Premise- In each bout, two contestants will be engaged in a 300-second (5 minute) trivia battle. After the question and the four possible answers have been read, both contestants will have five seconds to lock in their answers. Points are awarded for correct answers and no points will be awarded for incorrect answers. The questions will be worth one point each for the first 100 seconds, two points for the second 100 seconds and three points for the final 100 seconds. During the bout, contestants may opt to use the “Doubler” on their opponent. With the Doubler in effect, the opposing contestant may choose to either answer the question for double the points or “Double Back” and force the contestant whom enabled it to answer the question for four times the points. A correct answer will reward the contestant the point value (up to 12 points; UPDATE: 16 points for 400-second bouts), while an incorrect answer will reward the points to the other contestant. The contestant with the most points when time runs out will win control of the Money Chair. Should a tie occur, a tiebreaker question will be asked. UPDATE: The first aired bout last for 300 seconds. The second and third aired bouts last for 400 seconds. The unaired bouts last for 500 seconds.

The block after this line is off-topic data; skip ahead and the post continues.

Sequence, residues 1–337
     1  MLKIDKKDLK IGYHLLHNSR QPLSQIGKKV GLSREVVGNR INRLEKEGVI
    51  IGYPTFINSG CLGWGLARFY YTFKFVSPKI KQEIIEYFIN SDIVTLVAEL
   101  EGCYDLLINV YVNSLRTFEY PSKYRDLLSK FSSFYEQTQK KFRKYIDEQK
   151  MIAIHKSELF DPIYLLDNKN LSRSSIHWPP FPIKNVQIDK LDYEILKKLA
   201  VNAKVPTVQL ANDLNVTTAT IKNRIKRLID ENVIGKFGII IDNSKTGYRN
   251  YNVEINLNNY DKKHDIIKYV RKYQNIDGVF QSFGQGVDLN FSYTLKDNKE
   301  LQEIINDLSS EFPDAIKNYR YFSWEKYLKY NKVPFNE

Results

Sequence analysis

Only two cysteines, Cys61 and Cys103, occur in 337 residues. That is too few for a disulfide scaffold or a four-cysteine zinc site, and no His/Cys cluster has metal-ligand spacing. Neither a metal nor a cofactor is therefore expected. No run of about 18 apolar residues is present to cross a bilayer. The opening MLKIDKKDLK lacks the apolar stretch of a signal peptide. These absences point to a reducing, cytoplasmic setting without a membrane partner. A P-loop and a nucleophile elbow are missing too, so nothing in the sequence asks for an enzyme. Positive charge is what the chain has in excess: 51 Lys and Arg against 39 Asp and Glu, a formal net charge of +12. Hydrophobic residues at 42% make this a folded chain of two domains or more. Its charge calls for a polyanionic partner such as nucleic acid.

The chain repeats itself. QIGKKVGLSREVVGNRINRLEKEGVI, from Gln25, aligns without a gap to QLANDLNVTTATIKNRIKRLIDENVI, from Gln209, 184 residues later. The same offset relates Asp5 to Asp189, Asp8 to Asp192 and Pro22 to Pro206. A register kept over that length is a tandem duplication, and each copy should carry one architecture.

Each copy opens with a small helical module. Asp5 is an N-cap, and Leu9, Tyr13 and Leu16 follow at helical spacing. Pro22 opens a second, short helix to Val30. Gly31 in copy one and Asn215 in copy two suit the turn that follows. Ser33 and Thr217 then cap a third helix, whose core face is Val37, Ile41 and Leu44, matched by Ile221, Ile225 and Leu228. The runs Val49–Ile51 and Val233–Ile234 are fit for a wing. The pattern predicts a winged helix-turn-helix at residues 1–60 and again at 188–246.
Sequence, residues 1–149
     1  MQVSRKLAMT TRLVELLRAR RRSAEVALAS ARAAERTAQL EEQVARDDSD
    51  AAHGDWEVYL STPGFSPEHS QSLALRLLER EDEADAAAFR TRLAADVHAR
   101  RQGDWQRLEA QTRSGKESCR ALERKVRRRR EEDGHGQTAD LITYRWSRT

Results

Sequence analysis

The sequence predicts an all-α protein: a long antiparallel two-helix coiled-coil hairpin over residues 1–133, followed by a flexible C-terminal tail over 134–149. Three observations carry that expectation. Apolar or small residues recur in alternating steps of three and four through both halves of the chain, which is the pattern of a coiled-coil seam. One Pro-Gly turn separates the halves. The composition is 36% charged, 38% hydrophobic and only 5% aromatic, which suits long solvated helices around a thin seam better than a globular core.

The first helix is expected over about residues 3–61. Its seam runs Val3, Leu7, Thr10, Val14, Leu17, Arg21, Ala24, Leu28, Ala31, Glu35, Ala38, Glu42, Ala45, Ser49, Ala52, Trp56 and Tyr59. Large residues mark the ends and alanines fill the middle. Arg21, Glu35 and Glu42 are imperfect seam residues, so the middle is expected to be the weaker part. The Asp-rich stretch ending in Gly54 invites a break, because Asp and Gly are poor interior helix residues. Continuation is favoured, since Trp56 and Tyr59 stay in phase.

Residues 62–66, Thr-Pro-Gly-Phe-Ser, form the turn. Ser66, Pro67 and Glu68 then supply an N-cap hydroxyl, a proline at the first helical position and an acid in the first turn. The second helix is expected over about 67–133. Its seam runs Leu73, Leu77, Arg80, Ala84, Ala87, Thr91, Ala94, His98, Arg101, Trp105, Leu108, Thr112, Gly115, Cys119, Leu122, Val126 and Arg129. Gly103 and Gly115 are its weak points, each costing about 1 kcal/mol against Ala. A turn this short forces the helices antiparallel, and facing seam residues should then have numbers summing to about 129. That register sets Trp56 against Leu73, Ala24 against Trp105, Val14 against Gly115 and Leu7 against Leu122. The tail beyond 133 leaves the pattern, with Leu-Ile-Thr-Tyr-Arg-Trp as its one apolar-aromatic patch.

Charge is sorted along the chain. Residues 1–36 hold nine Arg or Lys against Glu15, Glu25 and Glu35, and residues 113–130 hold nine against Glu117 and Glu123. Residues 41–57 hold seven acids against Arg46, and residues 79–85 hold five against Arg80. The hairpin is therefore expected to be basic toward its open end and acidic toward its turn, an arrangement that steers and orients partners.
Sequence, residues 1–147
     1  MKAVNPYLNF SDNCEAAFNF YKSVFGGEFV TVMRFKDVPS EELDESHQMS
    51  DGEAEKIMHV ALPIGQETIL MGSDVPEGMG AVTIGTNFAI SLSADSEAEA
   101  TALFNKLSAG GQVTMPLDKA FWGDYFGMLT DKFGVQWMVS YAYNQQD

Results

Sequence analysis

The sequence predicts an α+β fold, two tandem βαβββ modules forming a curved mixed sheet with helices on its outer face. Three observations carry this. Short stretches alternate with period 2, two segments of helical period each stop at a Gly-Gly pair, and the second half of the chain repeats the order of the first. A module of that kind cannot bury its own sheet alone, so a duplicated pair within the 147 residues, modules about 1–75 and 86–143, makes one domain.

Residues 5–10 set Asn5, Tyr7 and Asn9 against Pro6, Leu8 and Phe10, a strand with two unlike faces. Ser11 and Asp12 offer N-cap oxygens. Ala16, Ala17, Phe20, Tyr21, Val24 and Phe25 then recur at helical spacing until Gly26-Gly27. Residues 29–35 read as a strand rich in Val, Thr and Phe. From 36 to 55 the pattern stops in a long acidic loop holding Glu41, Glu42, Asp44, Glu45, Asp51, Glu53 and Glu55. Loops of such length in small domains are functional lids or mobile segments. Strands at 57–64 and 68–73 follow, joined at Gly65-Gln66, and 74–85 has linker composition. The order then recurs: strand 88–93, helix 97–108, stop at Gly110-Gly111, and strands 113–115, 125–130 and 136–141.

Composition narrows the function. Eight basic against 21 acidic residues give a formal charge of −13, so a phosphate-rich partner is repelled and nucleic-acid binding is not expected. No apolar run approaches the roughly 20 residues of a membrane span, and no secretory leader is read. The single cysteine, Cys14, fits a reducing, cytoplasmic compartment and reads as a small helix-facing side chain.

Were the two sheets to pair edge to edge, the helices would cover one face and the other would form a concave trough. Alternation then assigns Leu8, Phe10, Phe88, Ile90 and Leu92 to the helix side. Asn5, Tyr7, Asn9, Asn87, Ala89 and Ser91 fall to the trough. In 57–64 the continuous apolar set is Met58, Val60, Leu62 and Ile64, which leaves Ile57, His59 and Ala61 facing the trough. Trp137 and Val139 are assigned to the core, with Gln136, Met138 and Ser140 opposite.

The contestant in control of the Money Chair will earn $10 per second and will continue earning money until they lose a bout. The four highest-scoring winners will be assigned to the Winner’s Row, where they will have to temporarily reside in living quarters beside the Hourglass structure in Manhattan until the million-second clock hits zero. The last bout of each show will pit a Winner’s Row contestant against the Money Chair contestant. The designated “Power Player” of the night will decide to either play or force a Winner’s Row contestant to compete in the final aired bout. The winner of the special bout will take control of the Money Chair and will add their opponent’s winnings to their bank.